Some people might say that I’m driven. That if I make a commitment, I’ll keep it (which is nearly always true). That if there’s something that needs to be done, I’ll do it. That I hate to let other people down. That I keep going, and going, and going. To a fault at times. But this weekend I said “no.”
There’s a lot going on at home right now, with my older child leaving for college next week. And, as usual, I packed my (and our) schedule with people to see so they could say goodbye to them, errands to run, and things to get done. And then I realized that it was too much. And I said “no.”
I said “no” to visiting my father on Friday, as much as I would have liked to, and as much as my kid wanted to say goodbye to him and he wanted to say goodbye to them. It would have taken the whole day, and it was a day we didn’t really have. We needed to vacuum pack their clothes and figure out what we were shipping, not drive to New Jersey and rush back so that they could make it to the high school cross-country meet. It was hard. I don’t say “no” – not often to him and nearly never to my kids. I like to give people what they want. I enjoy it and it fills me. But it was more than I could do and I needed space. And we needed to pack. So I said “no.”
I said an almost “no” to the people who were coming (and are still coming) to visit for the weekend. I wasn’t feeling well at the beginning of the week and I just didn’t know if could handle people in my house. Entertaining, even when it wasn’t really entertaining, because it’s family and a friend that is as if family. So I put them on hold. And when I felt better, I said “yes” again. Happily. But at first I said “maybe no.”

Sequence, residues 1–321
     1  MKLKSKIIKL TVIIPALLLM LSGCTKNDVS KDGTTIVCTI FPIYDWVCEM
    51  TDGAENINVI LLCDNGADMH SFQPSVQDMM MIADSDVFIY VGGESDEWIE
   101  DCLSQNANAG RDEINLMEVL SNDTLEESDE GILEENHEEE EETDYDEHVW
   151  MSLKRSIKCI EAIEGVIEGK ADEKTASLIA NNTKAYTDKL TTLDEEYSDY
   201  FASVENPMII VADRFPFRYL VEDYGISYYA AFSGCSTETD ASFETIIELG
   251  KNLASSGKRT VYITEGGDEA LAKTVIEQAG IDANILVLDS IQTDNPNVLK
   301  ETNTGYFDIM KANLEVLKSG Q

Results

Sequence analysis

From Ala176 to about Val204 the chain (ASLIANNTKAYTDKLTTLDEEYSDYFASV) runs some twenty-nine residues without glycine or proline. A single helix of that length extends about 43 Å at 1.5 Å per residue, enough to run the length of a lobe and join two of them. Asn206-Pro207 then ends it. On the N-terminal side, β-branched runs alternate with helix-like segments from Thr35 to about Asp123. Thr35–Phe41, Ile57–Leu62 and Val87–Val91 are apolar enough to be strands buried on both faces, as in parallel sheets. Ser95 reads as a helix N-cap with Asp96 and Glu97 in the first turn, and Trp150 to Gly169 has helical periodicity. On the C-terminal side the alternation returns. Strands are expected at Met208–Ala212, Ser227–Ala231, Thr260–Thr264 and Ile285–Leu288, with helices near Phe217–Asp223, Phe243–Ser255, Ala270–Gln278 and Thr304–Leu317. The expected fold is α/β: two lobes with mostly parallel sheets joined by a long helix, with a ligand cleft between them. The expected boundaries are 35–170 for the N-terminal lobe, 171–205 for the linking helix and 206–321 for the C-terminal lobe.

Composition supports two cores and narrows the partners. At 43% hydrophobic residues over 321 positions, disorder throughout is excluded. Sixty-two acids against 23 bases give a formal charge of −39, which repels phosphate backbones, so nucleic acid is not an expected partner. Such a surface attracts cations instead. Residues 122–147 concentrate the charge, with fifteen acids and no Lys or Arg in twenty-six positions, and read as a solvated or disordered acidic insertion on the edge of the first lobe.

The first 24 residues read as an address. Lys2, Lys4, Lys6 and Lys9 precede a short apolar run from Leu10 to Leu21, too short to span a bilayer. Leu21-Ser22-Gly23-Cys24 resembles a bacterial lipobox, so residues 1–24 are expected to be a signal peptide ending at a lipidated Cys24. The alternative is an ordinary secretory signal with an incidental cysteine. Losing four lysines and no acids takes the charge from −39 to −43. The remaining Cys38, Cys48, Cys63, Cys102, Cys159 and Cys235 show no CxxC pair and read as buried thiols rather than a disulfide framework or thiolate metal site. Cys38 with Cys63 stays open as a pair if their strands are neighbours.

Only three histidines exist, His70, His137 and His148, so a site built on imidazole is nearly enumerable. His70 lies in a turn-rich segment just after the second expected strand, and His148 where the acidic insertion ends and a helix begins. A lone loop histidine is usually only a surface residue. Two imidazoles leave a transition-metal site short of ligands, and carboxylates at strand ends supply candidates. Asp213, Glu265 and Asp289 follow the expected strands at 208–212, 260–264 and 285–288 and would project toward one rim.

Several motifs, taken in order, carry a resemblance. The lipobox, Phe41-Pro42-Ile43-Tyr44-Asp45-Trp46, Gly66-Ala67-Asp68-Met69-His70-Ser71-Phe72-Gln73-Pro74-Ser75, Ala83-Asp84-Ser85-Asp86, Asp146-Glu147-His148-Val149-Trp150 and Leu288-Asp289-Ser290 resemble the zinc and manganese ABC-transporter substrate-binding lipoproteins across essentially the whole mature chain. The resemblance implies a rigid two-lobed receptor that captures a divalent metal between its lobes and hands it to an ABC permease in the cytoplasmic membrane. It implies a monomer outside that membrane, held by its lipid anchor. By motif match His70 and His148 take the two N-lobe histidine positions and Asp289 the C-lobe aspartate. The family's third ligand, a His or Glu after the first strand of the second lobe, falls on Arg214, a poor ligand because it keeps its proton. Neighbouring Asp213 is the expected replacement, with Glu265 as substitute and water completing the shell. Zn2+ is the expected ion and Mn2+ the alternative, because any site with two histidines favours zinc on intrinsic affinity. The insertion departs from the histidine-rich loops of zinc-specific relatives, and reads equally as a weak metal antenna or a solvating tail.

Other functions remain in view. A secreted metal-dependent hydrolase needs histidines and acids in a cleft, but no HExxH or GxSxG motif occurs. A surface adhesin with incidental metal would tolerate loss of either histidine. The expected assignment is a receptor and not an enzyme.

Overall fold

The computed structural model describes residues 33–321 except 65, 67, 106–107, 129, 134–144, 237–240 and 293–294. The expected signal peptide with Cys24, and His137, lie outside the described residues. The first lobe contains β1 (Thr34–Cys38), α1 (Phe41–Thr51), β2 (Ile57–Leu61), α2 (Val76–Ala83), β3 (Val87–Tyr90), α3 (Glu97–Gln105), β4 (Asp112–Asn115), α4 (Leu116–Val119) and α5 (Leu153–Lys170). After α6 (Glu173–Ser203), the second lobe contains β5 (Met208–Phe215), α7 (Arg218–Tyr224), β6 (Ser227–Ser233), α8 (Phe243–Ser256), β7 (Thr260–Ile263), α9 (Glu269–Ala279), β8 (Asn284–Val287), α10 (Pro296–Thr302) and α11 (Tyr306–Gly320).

I’ve said “no” to work that has to get done, but not right now. I’ve said “no” to keeping the house as clean as I usually do. I’ve said “no” to everything that seemed extraneous and really too much. It’s not like me but I’ve said “no.”
It was the only way I could say “yes” to what really mattered – to taking care of myself when I’m not feeling well; to being there for my family, using what little energy I have for the people who live with me and are most important to me; to finding my peace and space in the midst of the chaos of sending my first-born off to the college of their choice.
Sometimes we have to say “no.” Sometimes we have to say “enough.” Sometimes we have to admit when what we really need is to a break, a cup of tea, a breather, a nap, a few minutes alone, a few minutes with a friend, a few minutes of meditation, a hug – whatever. We have to say “no” to some things so that we can say “yes” to the others.
So I said “no.”